Mystery behind Saturn`s gigantic storm revealed
Scientists have for the very first time managed to explain the behaviour of Saturn`s storms through the analysis of images sent from the Cassini space probe belonging to NASA and ESA.
Washington: Scientists have for the very first time managed to explain the behaviour of Saturn`s storms through the analysis of images sent from the Cassini space probe belonging to NASA and ESA, as well as the computer models of the storms and the examination of the clouds therein.
The discovery was made by lead author Enrique Garcia Melendo, researcher at the Fundacio Observatori Esteve Duran - Institut de Ciencies de l`Espai, of Catalonia.\
Approximately once every Saturnian year - equivalent to 30 Earth years - an enormous storm is produced on the ringed planet and which affects the aspect of its atmosphere on a global scale.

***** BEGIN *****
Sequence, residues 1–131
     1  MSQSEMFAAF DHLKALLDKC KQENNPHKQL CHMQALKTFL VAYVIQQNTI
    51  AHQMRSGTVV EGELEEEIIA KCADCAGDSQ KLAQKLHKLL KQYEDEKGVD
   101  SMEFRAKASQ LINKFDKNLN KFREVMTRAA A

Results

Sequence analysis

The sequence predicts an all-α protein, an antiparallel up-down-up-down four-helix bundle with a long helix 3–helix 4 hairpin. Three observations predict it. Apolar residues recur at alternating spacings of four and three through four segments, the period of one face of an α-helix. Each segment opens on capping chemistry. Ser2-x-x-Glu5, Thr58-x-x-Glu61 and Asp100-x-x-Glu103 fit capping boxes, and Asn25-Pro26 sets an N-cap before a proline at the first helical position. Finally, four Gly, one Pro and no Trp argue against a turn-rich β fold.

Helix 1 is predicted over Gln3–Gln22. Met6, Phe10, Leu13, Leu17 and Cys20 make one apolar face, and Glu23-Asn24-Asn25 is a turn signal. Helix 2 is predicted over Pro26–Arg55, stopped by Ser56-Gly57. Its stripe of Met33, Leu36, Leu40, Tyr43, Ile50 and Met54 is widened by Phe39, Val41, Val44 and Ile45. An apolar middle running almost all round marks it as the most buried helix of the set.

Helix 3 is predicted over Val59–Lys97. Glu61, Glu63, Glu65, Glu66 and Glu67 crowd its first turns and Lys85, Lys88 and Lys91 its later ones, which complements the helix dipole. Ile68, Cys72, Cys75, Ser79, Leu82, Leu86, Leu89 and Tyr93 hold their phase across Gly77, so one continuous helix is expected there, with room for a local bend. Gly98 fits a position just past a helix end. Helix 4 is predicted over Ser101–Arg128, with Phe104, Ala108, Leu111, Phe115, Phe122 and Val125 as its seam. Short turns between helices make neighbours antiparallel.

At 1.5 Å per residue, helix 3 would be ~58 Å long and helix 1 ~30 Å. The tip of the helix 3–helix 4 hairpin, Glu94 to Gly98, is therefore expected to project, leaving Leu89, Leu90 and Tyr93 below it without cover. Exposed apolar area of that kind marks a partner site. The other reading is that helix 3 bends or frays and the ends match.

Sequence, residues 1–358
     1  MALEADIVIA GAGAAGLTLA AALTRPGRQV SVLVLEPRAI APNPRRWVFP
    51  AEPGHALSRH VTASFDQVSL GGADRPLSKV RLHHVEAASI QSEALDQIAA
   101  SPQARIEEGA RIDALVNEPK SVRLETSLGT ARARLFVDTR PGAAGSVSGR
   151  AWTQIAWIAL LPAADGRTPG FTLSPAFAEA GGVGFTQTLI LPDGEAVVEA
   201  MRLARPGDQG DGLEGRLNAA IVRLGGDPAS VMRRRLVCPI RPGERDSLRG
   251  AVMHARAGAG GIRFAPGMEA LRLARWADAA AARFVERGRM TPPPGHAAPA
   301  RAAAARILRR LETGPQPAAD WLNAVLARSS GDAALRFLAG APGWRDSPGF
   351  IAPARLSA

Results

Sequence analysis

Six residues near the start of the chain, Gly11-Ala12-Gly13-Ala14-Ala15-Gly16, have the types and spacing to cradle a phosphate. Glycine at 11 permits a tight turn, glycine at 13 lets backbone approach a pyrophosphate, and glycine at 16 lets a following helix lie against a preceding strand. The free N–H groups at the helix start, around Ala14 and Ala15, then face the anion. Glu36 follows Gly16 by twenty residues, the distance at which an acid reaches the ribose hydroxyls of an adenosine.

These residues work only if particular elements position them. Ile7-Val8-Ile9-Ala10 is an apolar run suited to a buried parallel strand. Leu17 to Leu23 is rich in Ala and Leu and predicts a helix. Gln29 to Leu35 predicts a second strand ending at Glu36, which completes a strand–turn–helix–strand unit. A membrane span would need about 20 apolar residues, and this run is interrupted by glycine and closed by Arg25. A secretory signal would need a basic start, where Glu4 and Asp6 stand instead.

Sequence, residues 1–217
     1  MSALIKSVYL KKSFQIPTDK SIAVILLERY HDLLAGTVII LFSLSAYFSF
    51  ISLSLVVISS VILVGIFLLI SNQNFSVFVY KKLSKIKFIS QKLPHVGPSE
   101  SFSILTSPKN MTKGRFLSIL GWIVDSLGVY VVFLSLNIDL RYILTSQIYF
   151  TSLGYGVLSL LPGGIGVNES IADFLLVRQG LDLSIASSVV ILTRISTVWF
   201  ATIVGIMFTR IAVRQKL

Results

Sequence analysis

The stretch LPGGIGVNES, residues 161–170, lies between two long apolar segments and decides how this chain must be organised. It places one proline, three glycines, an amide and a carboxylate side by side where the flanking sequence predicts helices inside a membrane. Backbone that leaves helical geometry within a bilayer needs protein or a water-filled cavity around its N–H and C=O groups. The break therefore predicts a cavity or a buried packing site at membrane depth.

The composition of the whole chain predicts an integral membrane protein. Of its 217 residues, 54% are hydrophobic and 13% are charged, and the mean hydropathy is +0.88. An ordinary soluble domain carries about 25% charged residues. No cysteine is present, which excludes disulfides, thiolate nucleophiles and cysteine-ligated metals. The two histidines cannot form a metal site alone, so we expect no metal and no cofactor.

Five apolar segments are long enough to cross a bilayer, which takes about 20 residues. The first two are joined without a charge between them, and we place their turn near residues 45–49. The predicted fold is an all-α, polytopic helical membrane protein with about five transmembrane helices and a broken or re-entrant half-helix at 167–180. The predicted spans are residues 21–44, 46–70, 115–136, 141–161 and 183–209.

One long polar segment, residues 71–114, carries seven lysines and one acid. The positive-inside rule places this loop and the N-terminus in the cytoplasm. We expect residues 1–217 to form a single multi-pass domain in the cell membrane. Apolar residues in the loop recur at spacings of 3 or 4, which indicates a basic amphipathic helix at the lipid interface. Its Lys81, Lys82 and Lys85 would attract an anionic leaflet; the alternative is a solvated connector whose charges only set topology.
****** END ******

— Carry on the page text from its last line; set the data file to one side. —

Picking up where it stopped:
These gigantic storms are known as Great White Spots, due to the appearance they have on the atmosphere of the planet.
The first observation of one of these was made in 1876; the Great White Spot of 2010 was the sixth one to be observed.
On this occasion the Cassini space vehicle was able to obtain very high resolution images of this great meteorological structure.
The storm initiated as a small brilliant white cloud in the middle latitudes of the northern hemisphere of the planet, and grew rapidly and remained active for more than seven months.
Over this time an amalgam of white clouds was generated which expanded to form a cloudy and turbulent ring with a surface area of thousands of millions of square kilometres.
Two year age the Planetary Sciences Group of the University of the Basque Country presented a first study of the storm and which was published on the front cover of Nature on the 7th of July, 2011.
Now, with this new research, the hidden secrets of the phenomenon have been revealed, studying in detail the "head" and the "focus" of the Great White Spot.
The findings are published in the journal Nature Geosciences.